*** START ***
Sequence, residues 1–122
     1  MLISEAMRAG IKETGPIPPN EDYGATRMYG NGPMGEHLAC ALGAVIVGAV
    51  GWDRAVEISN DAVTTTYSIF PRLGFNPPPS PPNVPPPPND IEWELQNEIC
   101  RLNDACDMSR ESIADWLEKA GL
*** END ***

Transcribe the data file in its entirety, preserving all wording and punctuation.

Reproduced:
Sequence, residues 1–122
     1  MLISEAMRAG IKETGPIPPN EDYGATRMYG NGPMGEHLAC ALGAVIVGAV
    51  GWDRAVEISN DAVTTTYSIF PRLGFNPPPS PPNVPPPPND IEWELQNEIC
   101  RLNDACDMSR ESIADWLEKA GL